The final labelling recommendations are overdue — they were expected last fall. Health Canada told CBC News in an email that it "needed more time to analyze the extensive comments and additional evidence received through the formal consultation process."

According to federal rules, if the gap between the proposed and final regulations is longer than 18 months, the consultation process might have to start over.

"So if we don't see them published by June of this year, then the entire process will have to start from scratch," said  Carla Ventin, senior vice-president at FCPC.

Food fight moves to the Senate

The other battleground in the great Canadian food fight is happening at the Senate, where legislation to restrict advertising of unhealthy food to children is awaiting final approval.

There's nothing in the food business that says what you sell has to be healthy.- Nancy Greene Raine , Canadian Olympian and former senator 

The Child Health Protection Act, (Bill S228) was introduced in the Senate two years ago by Nancy Greene Raine, the former Canadian Olympic ski champion. She saw it as a way to fight childhood obesity.

"There's nothing in the food business that says what you sell has to be healthy," she said. "And if they're marketing to children with those products then it's simply wrong."

Former senator Nancy Greene Raine's Child Health Protection Act to restrict marketing of unhealthy food to children became part of Health Canada's healthy eating strategy. (Senate of Canada)

'Flash-frozen on the finish line'

Her private member's bill became part of the Healthy Eating Strategy, passing all the legislative hurdles in the House of Commons. Now it's back at the Senate, where it's been stalled since June.

"It's like it's flash-frozen on the finish line. It's got six inches to go and it's sitting there," said Greene Raine, who retired from the Senate last May. Since then she's heard senators are being heavily lobbied by the food and agriculture industry.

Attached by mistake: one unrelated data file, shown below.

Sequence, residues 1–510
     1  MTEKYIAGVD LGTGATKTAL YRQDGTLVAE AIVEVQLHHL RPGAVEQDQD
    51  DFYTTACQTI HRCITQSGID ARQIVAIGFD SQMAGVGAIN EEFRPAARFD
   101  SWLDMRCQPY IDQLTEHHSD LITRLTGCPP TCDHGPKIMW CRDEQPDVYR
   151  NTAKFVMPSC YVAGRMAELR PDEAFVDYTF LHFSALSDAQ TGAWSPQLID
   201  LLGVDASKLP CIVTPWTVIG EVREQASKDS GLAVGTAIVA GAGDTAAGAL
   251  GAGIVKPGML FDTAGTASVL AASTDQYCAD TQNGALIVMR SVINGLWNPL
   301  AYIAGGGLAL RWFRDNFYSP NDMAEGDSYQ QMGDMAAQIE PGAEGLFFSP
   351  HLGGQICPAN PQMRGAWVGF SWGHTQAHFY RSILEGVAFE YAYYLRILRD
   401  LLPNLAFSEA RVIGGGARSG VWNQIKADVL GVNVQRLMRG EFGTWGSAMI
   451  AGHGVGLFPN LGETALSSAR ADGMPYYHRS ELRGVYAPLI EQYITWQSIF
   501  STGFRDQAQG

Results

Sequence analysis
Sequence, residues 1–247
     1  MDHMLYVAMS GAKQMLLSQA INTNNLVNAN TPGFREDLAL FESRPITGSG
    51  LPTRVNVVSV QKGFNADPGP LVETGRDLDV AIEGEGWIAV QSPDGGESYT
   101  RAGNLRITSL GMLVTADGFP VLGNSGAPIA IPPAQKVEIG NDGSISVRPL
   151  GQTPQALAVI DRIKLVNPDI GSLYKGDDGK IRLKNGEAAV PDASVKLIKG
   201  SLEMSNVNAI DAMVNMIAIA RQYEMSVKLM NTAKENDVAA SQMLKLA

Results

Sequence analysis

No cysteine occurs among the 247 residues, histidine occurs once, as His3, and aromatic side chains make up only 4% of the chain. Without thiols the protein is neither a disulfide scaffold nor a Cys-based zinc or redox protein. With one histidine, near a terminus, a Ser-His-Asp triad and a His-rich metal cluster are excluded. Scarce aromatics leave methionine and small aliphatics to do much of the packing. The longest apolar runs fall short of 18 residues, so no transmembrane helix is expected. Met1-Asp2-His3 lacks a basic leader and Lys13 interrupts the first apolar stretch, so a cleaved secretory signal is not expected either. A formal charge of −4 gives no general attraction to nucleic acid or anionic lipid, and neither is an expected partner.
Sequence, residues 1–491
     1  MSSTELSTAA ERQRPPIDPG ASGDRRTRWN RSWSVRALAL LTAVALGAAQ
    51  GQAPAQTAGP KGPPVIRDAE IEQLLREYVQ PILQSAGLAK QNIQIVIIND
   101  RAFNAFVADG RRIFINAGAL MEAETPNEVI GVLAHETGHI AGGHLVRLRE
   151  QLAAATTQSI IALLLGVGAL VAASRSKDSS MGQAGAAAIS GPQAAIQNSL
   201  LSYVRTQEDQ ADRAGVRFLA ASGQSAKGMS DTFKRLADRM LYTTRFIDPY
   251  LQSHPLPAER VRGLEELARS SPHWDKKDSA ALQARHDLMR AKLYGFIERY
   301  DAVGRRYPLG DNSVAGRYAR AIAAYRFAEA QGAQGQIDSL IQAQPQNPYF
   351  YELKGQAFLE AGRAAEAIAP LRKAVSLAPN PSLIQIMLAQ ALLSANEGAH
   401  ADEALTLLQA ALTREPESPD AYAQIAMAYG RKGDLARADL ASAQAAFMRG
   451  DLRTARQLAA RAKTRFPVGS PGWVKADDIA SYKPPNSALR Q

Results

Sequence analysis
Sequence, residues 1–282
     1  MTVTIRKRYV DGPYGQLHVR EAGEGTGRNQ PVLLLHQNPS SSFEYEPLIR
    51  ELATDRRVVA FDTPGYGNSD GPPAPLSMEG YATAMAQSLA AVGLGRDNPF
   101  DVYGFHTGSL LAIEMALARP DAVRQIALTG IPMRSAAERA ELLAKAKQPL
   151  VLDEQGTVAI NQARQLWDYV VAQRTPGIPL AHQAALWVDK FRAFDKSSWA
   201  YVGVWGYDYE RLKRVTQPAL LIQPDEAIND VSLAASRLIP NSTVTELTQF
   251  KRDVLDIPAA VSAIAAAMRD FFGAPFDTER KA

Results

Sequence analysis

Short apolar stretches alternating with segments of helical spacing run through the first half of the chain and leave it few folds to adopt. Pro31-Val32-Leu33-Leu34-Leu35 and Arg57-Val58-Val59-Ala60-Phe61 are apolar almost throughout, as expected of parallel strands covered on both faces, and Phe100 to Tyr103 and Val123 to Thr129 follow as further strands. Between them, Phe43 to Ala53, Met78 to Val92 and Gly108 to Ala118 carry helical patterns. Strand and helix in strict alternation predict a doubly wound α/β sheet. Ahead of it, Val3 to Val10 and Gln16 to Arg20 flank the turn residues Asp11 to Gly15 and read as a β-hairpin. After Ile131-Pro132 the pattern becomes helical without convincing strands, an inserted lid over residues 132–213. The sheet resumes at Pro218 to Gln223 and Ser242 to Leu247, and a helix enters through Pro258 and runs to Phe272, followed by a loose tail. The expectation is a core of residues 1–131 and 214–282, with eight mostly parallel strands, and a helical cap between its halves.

"Of course I'm worried," she said. "I certainly don't underestimate that people in the industry don't like to see their business model interfered with, even if it hurts children.

Food advertisers, farmers and even the National Hockey League have expressed concerns about the advertising restrictions.

"It's intended to cover all forms of marketing including in-your-face sponsorship of kids sports," said Greene Raine. "A lot of people in the sports world don't support the legislation."

If they delay the vote then I'm going to be looking and saying 'Who is pulling the strings here?'- Nancy Greene  Raine , Canadian Olympian and former senator 

After she retired from competitive skiing in late 1960s, Greene Raine did a series of popular TV ads for Mars chocolate bars. She said those kinds of commercials could be affected by her legislation.

"If the advertising is targeting children, if it's on children's programming, for example."

Health Canada said the next move depends on the Senate putting the bill up for a final vote.

"The draft regulations cannot be published for consultation until the bill receives royal assent," the agency said in an email.

"If they delay the vote, then I'm going to be looking and saying 'Who is pulling the strings here?'" said Greene Raine.


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About the Author

Kelly Crowe

Medical science

Kelly Crowe is a medical sciences correspondent for CBC News, specializing in health and biomedical research. She joined CBC in 1991, and has spent 25 years reporting on a wide range of national news and current affairs, with a particular interest in science and medicine.